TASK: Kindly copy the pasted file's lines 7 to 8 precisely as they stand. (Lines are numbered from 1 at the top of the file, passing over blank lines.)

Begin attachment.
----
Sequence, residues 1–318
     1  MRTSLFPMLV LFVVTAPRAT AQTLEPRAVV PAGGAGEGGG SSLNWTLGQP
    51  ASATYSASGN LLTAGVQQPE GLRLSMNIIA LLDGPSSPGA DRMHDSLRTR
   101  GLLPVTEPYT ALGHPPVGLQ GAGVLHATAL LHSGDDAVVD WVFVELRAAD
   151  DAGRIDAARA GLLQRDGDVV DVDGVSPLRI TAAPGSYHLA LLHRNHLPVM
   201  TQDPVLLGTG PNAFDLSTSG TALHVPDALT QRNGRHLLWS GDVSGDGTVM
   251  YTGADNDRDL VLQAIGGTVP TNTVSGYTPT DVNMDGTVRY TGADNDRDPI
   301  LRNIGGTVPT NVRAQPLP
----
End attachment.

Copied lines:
   251  YTGADNDRDL VLQAIGGTVP TNTVSGYTPT DVNMDGTVRY TGADNDRDPI
   301  LRNIGGTVPT NVRAQPLP